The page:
Global equities rise on optimism over Chinese recovery
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Global equities rallied to add a second week to an upbeat start to the year, helped by China’s overnight border opening and data from the US and Europe calmed fears of significant monetary tightening by major global central banks.
The pan-European STOXX 600 index rose 0.9% at the close, posting its best weekly performance in more than nine months on Friday after a slew of positive data — including data showing strong growth in factory activity in the euro zone and lower headline inflation in the Region – signals signs of a less severe recession than expected and eases price pressures. The data also showed a slowdown in wage growth in the United States.
The data allayed fears that the US Federal Reserve and European Central Bank will continue to tighten monetary policy at a strong pace.
Technology stocks, which are sensitive to interest rate movements, rose 3.4%.
Industrial production in Germany, Europe’s largest economy, rose slightly more-than-expected in November, adding to optimism and pushing Germany’s DAX index up 1.3 percent.
Data showed that euro-zone investor sentiment rose in January for the third straight month to its highest level since June 2022, but remained in negative territory, reflecting the difficult economic environment.
Travelers flocked to China by air, land and sea on Sunday as Beijing opened its borders, which have been virtually closed since the COVID-19 pandemic began.
Mining stocks rose 2.2 percent as base metal prices rose on hopes of a recovery in demand from main consumer China. Financials with exposure to China also rose 1.4%.
Wall Street’s main indices opened higher today on optimism over China’s opening of borders, while signs of a slowdown in the labor market fueled bets that the US Federal Reserve will slow rate hikes.
The Dow Jones Industrial Average opened 33.78 points, or 0.10%, at 33,664.39 points.
The Standard & Poor’s 500 Index started trading up 15.74 points, or 0.40%, to 3910.82 points, while the Nasdaq Composite was up 92.81 points, or 0.88%, to 10662.11 points.
South African stocks
The main index of South Africa’s Johannesburg Stock Exchange rose to a new record high today, as stocks around the world surged amid restrictions lifted to contain the burgeoning coronavirus in China and expectations of a slowdown in the pace of interest rate hikes in the United States.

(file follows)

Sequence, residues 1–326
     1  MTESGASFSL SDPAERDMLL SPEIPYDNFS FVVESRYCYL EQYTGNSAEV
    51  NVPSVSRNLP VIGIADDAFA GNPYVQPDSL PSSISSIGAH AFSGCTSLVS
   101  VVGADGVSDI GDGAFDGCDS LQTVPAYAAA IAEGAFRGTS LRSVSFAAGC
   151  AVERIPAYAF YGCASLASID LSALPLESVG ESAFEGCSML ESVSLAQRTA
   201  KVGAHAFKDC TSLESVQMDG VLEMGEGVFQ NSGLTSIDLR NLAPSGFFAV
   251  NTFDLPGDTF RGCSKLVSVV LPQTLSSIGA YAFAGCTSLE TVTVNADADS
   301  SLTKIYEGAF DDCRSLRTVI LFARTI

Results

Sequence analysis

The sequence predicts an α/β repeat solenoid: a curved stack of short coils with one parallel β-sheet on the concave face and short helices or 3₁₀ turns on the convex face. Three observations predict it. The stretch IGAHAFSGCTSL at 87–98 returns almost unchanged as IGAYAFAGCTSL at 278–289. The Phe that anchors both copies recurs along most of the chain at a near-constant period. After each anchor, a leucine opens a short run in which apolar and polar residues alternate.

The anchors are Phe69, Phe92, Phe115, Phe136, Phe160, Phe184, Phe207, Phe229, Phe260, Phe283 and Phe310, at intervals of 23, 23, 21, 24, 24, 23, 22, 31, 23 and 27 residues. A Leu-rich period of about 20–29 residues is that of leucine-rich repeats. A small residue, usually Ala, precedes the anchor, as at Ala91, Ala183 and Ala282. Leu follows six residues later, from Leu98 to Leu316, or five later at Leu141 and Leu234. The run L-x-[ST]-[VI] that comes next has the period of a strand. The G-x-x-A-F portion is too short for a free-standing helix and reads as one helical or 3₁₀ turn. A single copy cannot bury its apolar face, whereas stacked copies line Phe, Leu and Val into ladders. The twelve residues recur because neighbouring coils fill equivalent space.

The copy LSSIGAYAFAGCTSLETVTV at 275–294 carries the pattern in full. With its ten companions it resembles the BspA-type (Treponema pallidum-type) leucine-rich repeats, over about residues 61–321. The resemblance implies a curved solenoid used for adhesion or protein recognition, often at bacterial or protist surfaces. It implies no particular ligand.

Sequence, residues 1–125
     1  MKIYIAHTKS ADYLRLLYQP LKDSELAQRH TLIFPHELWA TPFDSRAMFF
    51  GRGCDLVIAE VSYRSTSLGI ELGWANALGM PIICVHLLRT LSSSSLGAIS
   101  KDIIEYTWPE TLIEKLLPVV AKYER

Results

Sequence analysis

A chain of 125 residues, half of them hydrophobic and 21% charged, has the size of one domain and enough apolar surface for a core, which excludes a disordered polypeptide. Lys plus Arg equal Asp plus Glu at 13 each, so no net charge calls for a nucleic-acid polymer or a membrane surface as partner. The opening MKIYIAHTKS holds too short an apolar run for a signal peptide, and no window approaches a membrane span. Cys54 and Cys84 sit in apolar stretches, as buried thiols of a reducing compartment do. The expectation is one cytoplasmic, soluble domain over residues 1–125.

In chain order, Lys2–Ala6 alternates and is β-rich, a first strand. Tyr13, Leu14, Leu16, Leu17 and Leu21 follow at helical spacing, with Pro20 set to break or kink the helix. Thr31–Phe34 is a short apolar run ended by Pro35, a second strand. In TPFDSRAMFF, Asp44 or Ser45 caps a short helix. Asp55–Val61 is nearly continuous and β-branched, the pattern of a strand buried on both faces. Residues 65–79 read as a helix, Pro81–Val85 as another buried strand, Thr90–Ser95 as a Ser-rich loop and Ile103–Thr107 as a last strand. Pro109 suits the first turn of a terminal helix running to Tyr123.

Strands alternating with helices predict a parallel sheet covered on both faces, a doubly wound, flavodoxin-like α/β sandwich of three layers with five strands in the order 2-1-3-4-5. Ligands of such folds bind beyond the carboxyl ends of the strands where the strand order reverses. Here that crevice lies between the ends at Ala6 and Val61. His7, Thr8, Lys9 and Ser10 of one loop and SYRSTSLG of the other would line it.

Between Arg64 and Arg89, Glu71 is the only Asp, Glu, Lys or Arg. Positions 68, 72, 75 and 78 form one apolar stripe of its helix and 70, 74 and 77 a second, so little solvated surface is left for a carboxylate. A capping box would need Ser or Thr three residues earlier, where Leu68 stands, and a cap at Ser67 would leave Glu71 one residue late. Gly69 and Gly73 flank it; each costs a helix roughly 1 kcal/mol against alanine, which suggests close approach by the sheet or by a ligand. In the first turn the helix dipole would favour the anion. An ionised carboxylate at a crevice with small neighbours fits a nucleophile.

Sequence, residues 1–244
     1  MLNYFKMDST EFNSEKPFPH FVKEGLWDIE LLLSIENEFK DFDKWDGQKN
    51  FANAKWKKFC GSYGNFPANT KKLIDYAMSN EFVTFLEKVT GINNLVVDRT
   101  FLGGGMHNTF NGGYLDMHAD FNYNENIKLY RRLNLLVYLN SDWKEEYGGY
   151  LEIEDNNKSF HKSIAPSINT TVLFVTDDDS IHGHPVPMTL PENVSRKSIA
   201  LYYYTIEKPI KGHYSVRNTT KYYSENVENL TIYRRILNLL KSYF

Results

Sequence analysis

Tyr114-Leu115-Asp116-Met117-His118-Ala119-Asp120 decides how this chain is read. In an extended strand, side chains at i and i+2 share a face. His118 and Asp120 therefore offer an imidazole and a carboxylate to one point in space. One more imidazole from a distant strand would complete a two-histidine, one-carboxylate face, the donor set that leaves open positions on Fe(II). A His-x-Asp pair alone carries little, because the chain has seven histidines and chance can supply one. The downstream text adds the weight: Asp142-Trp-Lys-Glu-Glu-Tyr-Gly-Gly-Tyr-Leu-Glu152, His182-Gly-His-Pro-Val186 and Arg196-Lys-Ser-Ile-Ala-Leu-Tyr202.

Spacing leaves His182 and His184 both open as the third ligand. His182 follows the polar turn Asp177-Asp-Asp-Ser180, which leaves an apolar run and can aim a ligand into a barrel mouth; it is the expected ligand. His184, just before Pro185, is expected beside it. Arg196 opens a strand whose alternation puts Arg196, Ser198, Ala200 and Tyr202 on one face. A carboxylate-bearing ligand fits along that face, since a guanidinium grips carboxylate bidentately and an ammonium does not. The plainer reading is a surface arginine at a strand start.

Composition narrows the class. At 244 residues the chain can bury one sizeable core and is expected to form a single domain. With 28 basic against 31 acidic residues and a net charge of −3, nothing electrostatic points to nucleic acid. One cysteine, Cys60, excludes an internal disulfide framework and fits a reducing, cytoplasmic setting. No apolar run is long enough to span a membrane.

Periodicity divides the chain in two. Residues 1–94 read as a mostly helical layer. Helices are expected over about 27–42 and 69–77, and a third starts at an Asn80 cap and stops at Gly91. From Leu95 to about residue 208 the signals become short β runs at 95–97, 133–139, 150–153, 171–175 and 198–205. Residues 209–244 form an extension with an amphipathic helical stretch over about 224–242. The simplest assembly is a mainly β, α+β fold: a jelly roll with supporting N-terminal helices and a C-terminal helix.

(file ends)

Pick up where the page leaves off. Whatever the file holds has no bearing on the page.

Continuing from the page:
Bloomberg news agency said the main index rose 2.2% to continue its rise for the fifth straight day, the longest period of continuous gains since last November, thanks to gains in metallurgical and mining company shares . who rely on China to export their products.
“When growth starts again in China, the demand for our resources will increase” in South Africa, said Ron Keplin, an official at Kratos Capital, a financial brokerage firm in Johannesburg, adding that the lifting of corona restrictions in China has impacted the sub-index Natural would benefit resource stocks in South Africa including Anglo American, BHP Group and Glencore.
The MSCI Emerging Markets Index rose 2.4% for the fifth straight day today, marking its longest consecutive rise since early October.
Today the dollar fell to its lowest level in seven months against the euro as traders bet the latest economic data will urge the Federal Reserve (the US central bank) to slow the pace of rate hikes while China’s reopening Borders gave a boost to riskier currencies. .
The euro was up 0.95% against the dollar to 1.0745 by 1730 GMT, its highest against the greenback since June 9 after rising 1.17% on Friday.
The pound rose 0.72% to 1.218 against the dollar after rising 1.5% on Friday, and the Swiss franc rose 1.1% to $0.9174, its highest since early March.
The dollar’s downward trend, which posted its biggest quarterly losses in 12 years, continued in the last three months of 2022, helped by investor belief that the Fed will not cut interest rates by more than 5 percent from their current levels between will increase 4.25 percent and 4.50 percent as inflation and growth slow.
The monthly jobs report released on Friday showed an increase in nonfarm payrolls and a slowdown in wage growth, which is positive news for the US Federal Reserve.
There were further signs of a slowing economy, with service industry activity in the United States falling in December for the first time in more than two and a half years.
The dollar index, which measures the US dollar’s performance against six major currencies, fell to a seven-month low of 0.2% at 103.54 after falling 1.15% on Friday as investors turned to riskier assets.
Elsewhere, China continued to relax many of its strict movement rules and anti-Covid policies, and reopened its borders.
Optimism about the speed of the economy’s recovery led the offshore yuan to surge to its highest level in five months against the dollar today.
The Australian dollar rose 1.05% to $0.69475, its highest against the US currency since August 30, while the New Zealand dollar rose 0.7% to $0.6394.
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